I've been having an issue with #Microsoft Corp.'s #Outlook e-mail client.
 
Oops. Sorry 'bout the hash tags. I've been spending way too much time on Twitter, apparently.
 
At least twice, and as many as four times, a day, Outlook would encounter a run-time error and shut down. This is very annoying, since I spend as much time on my e-mail client as I do on Twitter. It's a wonder I get anything done.
 
Anyway, the upshot: Since I didn't want to shut down four times a day, I spent long periods of time with my e-mail client shut down. I would miss timely e-mail messages. I found this frustrating.
 
On several occasions, I posted frustrated tweets about how little I enjoyed using an e-mail client that crashed multiple times a day. These posts were thoroughly hash-tagged — #Outlook, #Microsoft, #IE. Someone at Microsoft *must* be following this, I figured. Perhaps I'll get some help.
 
And I did. From another Microsoft user. His solution wasn't quite was I was looking for, but that's not the point.
 
Today, no crashes at all. That's because I have been using Google's Chrome browser all day. Turns out, the run-time errors were connected to a DLL associated with Internet Explorer.  But that's not the point, either. Chrome is not always the better browser. Some things seem to work better in IE.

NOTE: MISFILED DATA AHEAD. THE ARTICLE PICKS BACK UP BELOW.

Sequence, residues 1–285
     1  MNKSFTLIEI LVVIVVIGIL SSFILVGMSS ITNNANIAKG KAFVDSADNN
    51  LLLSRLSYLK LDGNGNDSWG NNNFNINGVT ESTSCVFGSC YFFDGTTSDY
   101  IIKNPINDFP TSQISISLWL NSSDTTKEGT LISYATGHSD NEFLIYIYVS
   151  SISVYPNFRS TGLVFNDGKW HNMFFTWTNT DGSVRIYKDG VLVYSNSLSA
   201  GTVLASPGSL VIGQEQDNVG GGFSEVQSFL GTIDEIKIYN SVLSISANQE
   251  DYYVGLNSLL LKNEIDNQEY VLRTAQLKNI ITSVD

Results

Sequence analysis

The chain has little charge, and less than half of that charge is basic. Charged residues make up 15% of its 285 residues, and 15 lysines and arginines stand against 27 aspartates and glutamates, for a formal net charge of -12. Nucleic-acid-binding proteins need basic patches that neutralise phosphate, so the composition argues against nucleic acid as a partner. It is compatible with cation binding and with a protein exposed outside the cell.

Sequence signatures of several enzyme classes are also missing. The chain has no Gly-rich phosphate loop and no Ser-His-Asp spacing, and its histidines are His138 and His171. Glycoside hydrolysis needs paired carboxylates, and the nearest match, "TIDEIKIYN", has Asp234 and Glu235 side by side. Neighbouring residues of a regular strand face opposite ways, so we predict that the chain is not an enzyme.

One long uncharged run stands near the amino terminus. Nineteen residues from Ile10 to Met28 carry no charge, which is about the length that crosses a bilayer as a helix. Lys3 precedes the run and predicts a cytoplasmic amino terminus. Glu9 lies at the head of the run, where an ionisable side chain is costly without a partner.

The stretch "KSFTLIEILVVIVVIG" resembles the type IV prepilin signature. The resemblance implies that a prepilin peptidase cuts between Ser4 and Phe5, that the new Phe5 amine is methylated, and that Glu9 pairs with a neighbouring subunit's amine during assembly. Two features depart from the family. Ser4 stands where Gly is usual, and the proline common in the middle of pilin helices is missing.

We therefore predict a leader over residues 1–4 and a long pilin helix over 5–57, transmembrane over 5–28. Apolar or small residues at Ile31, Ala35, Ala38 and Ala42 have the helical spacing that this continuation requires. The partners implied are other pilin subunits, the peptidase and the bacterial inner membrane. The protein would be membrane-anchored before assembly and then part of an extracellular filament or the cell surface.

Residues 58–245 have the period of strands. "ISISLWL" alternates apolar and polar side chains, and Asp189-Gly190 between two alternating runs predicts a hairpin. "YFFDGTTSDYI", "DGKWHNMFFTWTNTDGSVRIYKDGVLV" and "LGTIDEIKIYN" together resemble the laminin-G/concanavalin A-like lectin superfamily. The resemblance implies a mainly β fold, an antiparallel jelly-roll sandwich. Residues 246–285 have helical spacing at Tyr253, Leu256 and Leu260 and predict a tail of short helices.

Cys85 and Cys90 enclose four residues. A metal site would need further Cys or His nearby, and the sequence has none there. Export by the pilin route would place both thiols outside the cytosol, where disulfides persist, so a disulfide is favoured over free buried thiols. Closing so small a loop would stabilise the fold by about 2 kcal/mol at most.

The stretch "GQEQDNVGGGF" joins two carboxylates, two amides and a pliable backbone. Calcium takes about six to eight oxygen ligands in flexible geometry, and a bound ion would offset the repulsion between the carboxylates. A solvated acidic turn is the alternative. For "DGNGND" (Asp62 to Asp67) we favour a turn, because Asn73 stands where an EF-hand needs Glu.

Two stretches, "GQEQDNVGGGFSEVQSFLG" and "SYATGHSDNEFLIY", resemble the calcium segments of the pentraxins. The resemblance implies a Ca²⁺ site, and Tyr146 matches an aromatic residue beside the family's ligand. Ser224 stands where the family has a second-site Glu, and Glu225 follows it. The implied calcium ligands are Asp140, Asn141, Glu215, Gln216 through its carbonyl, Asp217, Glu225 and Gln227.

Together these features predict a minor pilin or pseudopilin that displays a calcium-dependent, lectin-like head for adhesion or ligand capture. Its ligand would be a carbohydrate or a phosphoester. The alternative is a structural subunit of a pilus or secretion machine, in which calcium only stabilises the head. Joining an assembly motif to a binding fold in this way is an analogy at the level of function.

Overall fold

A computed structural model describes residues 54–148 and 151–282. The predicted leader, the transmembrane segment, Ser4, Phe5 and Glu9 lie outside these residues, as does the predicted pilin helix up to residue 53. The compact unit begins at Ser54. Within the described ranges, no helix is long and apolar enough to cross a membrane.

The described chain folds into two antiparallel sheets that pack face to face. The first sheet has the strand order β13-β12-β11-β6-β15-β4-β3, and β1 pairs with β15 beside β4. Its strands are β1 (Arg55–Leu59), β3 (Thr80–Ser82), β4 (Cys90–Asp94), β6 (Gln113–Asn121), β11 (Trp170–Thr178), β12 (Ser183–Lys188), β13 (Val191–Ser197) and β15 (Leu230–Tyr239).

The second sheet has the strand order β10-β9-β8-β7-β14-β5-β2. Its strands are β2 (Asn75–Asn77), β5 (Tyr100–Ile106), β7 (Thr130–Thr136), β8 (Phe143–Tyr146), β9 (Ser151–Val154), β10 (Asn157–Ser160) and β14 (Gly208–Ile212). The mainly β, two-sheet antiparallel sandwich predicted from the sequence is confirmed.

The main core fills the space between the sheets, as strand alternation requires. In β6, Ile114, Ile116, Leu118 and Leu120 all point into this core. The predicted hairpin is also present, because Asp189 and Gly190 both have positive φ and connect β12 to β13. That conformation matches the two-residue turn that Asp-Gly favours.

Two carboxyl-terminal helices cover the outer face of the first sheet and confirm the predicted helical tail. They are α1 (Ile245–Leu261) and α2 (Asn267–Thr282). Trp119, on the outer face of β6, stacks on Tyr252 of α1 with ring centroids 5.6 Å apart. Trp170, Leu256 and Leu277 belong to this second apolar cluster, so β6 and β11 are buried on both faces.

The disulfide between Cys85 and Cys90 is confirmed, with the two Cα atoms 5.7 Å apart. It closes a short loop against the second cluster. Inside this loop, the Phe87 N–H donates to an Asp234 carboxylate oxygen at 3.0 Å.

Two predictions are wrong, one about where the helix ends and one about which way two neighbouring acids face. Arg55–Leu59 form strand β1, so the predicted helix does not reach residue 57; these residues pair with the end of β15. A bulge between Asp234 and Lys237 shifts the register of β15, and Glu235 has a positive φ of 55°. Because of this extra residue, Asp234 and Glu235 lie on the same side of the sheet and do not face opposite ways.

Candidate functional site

The point is, I have tweeted these problems numerous times, all with hash tags that someone at Microsoft should have been monitoring. Radio silence. No phone call, no e-mail, no tweet to suggest an answer. When my post today had hash-tagged not only Microsoft topics, but also #Google and #Chrome, a friend — I'll call him “Chris,” since that's his name — replied that his over/under for a message from Microsoft was one hour. I told him, in not so many words, he shouldn't hold his breath. Radio silence continues.
 
Microsoft could learn a thing or two from Porter Air, where a tweet about an out-of-service cappuccino machine or empty biscotti bin will get you service in minutes. In fact, there are numerous stories of near-instantaneous engagement with customers through Twitter. I would have thought Microsoft would be all over that.
 
To be fair, a lot of companies haven't grasped social media as a customer service tool. But they'd better. It's becoming the norm, and what customers expect. 
 
Maybe it needed a #FAIL hash tag to get someone's attention. 

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